I have an awesome story that I would like to share, it involves Ampache,
Ubuntu, Chelsea School, and the use of FOSS in education.
I was made aware of a little project name VMampache during a IRC conversation
in freenode #ampache. Upon closer investigation, VMampache is actually a
school project, so I contacted Rick Goldman (the project leader) and asked him
to give me a small write up about the project so I could anounce it on the
Planet. To my suprise this is no ordinary school project.
Rick tells it best:
The Ampache virtual appliances available at 9while9.com were assembled
and configured by students at Chelsea School in suburban Maryland who are
taking an advanced technology sequence of courses called Information Systems
Chelsea School primarily serves students who learn differently; many of them
come from schools that have failed to serve their individual learning
styles [this is gingerly phrased – according to our website, we primarily
serve students with language-based learning disabilities; we are a school
providing specialized education. I thought perhaps some students might want
that obscured, although it is a compelling part of our story that probably
should be included; read relevant bits about Chelsea at
Chelsea School, meet Chelsea, and Chelsea Philosophy
We have three technology tracks at Chelsea School that are offered as
electives for some, and as substitutes for foreign languages for
We offer television and music production, graphic design and animation, and ISM.
ISM was originally imagined as preparation for A+ certification, and the
courses are structured around our students achieving that goal. The first year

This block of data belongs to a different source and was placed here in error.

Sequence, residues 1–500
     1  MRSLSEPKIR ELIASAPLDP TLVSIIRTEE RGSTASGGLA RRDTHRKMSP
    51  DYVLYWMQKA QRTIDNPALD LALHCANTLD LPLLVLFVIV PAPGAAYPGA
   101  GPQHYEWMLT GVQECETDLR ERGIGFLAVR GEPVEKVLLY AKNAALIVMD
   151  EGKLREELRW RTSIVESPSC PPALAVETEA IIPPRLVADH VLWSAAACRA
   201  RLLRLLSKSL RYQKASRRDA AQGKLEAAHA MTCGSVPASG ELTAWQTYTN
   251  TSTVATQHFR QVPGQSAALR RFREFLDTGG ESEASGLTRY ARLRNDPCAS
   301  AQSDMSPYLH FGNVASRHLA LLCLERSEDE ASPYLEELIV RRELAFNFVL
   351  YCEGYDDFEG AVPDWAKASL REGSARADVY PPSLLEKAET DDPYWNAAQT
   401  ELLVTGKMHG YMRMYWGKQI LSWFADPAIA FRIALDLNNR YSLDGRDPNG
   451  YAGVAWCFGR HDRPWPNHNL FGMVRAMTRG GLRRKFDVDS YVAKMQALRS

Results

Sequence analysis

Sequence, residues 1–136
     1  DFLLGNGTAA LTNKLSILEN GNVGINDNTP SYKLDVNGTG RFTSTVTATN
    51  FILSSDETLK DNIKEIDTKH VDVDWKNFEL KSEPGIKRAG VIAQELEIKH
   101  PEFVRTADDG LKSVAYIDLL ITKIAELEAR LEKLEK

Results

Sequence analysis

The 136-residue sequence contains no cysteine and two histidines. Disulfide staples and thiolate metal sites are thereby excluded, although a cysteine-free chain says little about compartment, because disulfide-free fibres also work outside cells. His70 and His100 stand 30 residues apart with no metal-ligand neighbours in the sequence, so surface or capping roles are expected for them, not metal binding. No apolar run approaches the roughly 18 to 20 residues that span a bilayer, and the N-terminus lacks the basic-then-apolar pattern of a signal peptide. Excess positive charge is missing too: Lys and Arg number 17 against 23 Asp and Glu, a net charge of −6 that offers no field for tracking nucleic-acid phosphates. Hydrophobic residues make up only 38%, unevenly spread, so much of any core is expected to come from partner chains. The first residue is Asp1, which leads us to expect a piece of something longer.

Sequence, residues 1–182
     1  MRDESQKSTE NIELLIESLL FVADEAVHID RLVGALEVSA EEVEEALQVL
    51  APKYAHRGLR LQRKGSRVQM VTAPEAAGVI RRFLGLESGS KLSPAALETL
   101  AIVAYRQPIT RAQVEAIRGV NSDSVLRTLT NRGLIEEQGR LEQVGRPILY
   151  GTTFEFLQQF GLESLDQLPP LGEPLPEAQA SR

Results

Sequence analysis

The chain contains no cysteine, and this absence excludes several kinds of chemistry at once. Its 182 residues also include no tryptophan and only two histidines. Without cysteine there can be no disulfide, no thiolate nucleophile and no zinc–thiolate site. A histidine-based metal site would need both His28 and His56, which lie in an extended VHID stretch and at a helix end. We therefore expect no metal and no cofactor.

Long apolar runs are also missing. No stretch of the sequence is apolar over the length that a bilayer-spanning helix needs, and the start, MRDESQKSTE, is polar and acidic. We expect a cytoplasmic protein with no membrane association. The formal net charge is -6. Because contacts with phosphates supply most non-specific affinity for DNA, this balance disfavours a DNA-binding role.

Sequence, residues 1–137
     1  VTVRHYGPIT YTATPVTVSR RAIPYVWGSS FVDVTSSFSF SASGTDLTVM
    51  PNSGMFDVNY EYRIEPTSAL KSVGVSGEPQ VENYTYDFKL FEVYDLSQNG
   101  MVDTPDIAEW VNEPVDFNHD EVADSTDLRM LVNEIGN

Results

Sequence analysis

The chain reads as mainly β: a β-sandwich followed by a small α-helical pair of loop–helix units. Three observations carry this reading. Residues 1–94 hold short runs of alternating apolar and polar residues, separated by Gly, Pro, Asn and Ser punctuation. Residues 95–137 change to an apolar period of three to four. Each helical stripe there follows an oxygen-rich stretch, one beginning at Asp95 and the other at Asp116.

of ISM focuses on software based administration, configuration,
troubleshooting, and maintenance. In the second year, we focus on
hardware: build PC-based machines for a variety of purposes, install new
hardware, troubleshoot and configure machines with hardware problems, etc.
The Ampache Virtual Appliance project came about after a sequence of events:
first the software students had an authentic assessment which charged them to
install Ubuntu 9.10 in a virtual machine, perform a list of typical OS tasks,
and configure the OS for a specific purpose. Without any prior exposure to
Ubuntu or Linux, students were able to perform all the tasks, with one
exception – they weren’t able to navigate independently to the package
manager (Synaptic was just not an intuitive name for these students). This
project helped me assess their understanding of GUI conventions, OS functions,
and to be sure they weren’t just learning rote mouse routines by rehearsing
solely in an XP VM.
They expressed enthusiasm working with Ubuntu, so I proposed another authentic
assessment: software would come up with a software solution that addresses a
real-world need; hardware would build a machine to specifications using
predominantly found objects. Given a list of possible solutions they could
provide, the software students chose to build a server that provides the
instructional accommodations and modifications that fit many of our students
learning styles: an Ampache streaming media server. Hardware relied on
documentation to build a suitable machine after testing the individual
components. Software followed customized documentation I provided to install